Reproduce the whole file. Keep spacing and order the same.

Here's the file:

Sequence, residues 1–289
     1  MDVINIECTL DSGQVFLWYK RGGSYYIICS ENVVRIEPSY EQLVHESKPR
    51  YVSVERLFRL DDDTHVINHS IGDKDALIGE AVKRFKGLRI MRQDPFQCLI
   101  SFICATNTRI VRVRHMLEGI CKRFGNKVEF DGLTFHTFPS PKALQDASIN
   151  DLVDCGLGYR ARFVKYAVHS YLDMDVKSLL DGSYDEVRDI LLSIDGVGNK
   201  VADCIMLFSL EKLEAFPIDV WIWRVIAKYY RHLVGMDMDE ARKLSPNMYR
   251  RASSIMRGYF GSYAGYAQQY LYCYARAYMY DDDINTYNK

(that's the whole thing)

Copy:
Sequence, residues 1–289
     1  MDVINIECTL DSGQVFLWYK RGGSYYIICS ENVVRIEPSY EQLVHESKPR
    51  YVSVERLFRL DDDTHVINHS IGDKDALIGE AVKRFKGLRI MRQDPFQCLI
   101  SFICATNTRI VRVRHMLEGI CKRFGNKVEF DGLTFHTFPS PKALQDASIN
   151  DLVDCGLGYR ARFVKYAVHS YLDMDVKSLL DGSYDEVRDI LLSIDGVGNK
   201  VADCIMLFSL EKLEAFPIDV WIWRVIAKYY RHLVGMDMDE ARKLSPNMYR
   251  RASSIMRGYF GSYAGYAQQY LYCYARAYMY DDDINTYNK